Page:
Charles had to help with watering plants in the garden when he was home at The Mount and, in the same letter, Caroline tells him that:
"We are going to have pipes laid to have a supply of water in the flower garden, so next summer your goodnature will not be so often taxed with "Charles it is very hot." ("Very hot indeed" you unthinkingly answer.) "Dear Bobby, the ground is so dry that the pans of water you brought half an hour ago did hardly any good, would you bring one more?" [N.B. 'Bobby' was one of Charles's nicknames – obviously used when his affectionate sister wanted him to do something!]
1826 seems to have been a busy year in the garden because, in a letter from Catherine and Caroline dated 11th April 1826, they re-iterate:
"We have all been taking to gardening very vigorously, and shall expect some very elegant compliments from you on its beauty; and I assure you it is very gay, and much admired".
We also get clues to Robert Darwin's enthusiasm for his garden from this correspondence. In the letter of the 26th February 1826, Caroline told Charles that :-
"Papa pays frequent visits to the garden to see a Leucojum vernum which is now in blow & rather a rare plant".
The conservatory that opened off the Morning Room seems to be referred to as 'the Greenhouse' in correspondence of the time. This may have been built at the same time as the house. A separate 'Hothouse' was built in late 1831 or early 1832 near the conservatory and is labelled as 'Plant Stove' on the plan of 1866. The hothouse was a favourite of Robert Darwin.
Detail of the 1866 plan showing the Vineries, Plant Stove ('the Hothouse') and Conservatory ('the Greenhouse off the Morning Room').
The Hothouse is first mentioned in a letter to Charles from Caroline dated 20th December 1831 (written just after Charles had sailed from Plymouth on 'The Beagle' but forced to turn back temporarily because of a storm):-
"Papa is very well & I think every day gets more interest in the Hothouse which he is constantly going to see & I expect he will find it a very nice amusement and little occupation".
In a letter written in January of 1832, Catherine wrote:-
"Papa is quite well, and very fond of his Hothouse, which is finished, & very perfect, and some plants in it".
Susan also wrote about it to Charles in February 1832:
"Our Hot house is quite finished & we have got several Pines & plants in it. Papa sits there a great deal & it answers very well as a hobby for him. We have had pipes laid down in the Greenhouse & the regular warmth of the hot water makes the morning room very comfortable as it was apt to get very cold at night". [N.B. 'Pines' are Pineapple plants]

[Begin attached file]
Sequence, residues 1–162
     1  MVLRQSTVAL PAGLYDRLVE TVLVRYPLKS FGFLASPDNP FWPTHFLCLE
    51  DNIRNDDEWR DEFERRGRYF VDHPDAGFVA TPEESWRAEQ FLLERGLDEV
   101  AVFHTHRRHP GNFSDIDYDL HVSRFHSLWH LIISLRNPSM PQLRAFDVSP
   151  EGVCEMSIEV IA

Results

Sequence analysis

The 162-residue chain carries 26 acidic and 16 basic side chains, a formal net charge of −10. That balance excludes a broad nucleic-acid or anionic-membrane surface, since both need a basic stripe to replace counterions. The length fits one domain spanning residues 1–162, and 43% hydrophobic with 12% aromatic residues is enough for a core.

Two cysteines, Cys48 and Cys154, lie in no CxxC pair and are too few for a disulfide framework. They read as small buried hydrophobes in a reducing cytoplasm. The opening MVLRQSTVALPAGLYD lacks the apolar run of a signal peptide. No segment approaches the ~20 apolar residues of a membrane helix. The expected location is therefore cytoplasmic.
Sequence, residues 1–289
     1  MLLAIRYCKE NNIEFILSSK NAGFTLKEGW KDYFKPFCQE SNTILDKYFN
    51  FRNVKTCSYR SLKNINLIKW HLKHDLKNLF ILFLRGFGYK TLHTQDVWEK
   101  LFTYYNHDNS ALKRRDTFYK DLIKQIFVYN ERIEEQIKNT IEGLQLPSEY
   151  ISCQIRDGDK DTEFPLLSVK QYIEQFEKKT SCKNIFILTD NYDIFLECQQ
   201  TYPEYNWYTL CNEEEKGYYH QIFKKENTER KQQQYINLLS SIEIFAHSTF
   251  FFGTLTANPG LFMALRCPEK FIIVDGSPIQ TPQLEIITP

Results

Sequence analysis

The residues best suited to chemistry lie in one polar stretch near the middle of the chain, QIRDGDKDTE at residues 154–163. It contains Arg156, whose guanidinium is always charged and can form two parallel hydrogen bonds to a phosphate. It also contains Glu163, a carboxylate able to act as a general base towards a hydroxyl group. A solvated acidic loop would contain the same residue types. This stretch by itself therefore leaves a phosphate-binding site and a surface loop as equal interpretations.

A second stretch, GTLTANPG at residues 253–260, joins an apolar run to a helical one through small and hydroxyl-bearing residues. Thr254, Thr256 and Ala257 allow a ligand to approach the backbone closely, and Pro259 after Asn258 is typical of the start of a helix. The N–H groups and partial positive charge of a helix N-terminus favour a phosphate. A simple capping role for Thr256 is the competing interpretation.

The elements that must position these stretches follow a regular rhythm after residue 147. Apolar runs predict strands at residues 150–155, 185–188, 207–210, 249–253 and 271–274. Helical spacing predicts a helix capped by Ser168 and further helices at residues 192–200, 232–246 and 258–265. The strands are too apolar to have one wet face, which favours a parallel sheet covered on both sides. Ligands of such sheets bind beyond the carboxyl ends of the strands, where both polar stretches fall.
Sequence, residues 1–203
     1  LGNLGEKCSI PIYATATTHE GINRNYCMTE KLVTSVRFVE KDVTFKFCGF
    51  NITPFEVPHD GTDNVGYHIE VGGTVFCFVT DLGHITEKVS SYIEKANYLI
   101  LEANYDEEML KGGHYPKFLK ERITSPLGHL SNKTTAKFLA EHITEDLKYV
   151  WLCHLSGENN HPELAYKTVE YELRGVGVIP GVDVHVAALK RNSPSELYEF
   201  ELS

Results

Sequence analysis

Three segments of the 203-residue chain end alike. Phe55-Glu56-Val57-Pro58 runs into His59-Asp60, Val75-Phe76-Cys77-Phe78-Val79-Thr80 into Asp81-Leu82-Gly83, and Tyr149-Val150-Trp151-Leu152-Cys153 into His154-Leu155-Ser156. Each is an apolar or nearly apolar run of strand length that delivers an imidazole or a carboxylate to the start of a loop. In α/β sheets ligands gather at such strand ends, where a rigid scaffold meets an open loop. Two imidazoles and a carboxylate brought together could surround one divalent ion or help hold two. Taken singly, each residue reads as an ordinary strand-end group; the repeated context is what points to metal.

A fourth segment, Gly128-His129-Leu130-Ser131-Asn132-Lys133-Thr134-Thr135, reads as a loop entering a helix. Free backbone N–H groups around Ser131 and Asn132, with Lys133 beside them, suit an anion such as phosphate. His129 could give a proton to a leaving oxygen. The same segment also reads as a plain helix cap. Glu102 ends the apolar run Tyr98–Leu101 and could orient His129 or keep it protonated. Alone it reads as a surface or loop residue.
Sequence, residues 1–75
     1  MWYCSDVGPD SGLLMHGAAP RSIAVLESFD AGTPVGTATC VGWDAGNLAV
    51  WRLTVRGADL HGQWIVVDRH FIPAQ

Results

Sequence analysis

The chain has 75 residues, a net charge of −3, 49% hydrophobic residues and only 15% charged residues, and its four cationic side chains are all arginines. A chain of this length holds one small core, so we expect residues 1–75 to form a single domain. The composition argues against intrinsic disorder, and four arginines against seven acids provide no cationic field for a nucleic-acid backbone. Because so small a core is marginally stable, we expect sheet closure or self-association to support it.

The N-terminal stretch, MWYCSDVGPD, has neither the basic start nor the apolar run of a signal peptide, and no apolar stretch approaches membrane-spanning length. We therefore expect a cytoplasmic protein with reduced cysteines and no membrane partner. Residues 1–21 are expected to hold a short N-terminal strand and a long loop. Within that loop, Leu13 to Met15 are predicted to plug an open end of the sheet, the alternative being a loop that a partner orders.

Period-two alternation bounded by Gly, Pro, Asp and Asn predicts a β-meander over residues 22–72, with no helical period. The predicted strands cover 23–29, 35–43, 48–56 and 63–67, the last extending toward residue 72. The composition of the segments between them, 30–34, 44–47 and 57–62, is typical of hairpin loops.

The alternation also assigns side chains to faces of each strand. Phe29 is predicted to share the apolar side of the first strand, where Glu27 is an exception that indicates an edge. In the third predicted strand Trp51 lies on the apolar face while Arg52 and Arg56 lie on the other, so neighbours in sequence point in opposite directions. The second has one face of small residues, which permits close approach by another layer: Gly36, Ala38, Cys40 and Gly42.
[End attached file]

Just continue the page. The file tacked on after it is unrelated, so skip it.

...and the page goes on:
The wording at first makes one uncertain whether Susan is talking about the Hothouse and Greenhouse as one and the same - or two separate buildings. However, in a letter from Caroline to Charles dated 12 March 1832 it becomes clear:-
"My Father is very well & takes great pleasure in the Hot house which answers very well & the green house is filled with pretty gay flowers from it".
A couple of months later, in May 1832, Charles wrote to Catherine from Rio de Janiero in South America:-
"I am very glad to hear the hot-house is going on well; how when I return I shall enjoy seeing some of my old friends again. – Do get a Banana plant, they are easily reared & the foliage is wonderfully beautiful". [N.B. The 'old friends' to which he referred seem to be plant friends!]
By June 1832, Caroline was a bit apprehensive about telling Charles about the garden:-
"We have done nothing but garden & I think to write about our flowers would hardly do now that you are seeing tropical vegetation".
However, in August 1832, Susan was able to write:-
"The Hot house is a great pleasure & before yr [last] letter came he [Dr Darwin] had sent for a Banana – we eat our first Pine from the Hothouse on Monday last Uncle John being with us who pronounced it very good. Joseph's head is quite turned by this first production". [Presumably, Joseph was the gardener at that time].
Robert Darwin had started to wind down his practice as he was finding it increasingly difficult to get about. However, by September 1832, Caroline was able to tell Charles that:
"He is in very good spirits & amuses himself very well with the hothouse - it has quite revived his old interest about flowers. He is going to get a Banana tree principally from your advice."
By October 1832, Catherine wrote:-
"Papa is very well now, much better than he was in the Summer, and more occupied than ever with his pet, the Hot house; his Banana Tree is sent for, and a deep hole made for it in the highest part of the Hot house, that it may have room. Papa means to call it the Don Carlos tree, in compliment to you". ['Carlos' being the Spanish for 'Charles'].
However, Susan wrote to Charles in November 1832 saying:-